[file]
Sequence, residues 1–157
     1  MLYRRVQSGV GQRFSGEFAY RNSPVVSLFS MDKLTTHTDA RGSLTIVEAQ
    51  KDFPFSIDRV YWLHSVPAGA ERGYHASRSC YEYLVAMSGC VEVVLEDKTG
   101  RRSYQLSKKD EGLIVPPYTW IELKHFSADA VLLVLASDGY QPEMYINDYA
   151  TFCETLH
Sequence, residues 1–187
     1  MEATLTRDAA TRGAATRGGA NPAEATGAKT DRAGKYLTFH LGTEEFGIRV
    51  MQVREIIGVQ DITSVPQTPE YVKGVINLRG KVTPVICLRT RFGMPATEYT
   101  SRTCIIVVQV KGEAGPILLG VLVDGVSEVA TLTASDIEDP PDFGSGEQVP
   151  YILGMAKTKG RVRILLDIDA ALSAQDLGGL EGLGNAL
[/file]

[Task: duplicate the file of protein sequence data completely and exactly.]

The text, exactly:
Sequence, residues 1–157
     1  MLYRRVQSGV GQRFSGEFAY RNSPVVSLFS MDKLTTHTDA RGSLTIVEAQ
    51  KDFPFSIDRV YWLHSVPAGA ERGYHASRSC YEYLVAMSGC VEVVLEDKTG
   101  RRSYQLSKKD EGLIVPPYTW IELKHFSADA VLLVLASDGY QPEMYINDYA
   151  TFCETLH
Sequence, residues 1–187
     1  MEATLTRDAA TRGAATRGGA NPAEATGAKT DRAGKYLTFH LGTEEFGIRV
    51  MQVREIIGVQ DITSVPQTPE YVKGVINLRG KVTPVICLRT RFGMPATEYT
   101  SRTCIIVVQV KGEAGPILLG VLVDGVSEVA TLTASDIEDP PDFGSGEQVP
   151  YILGMAKTKG RVRILLDIDA ALSAQDLGGL EGLGNAL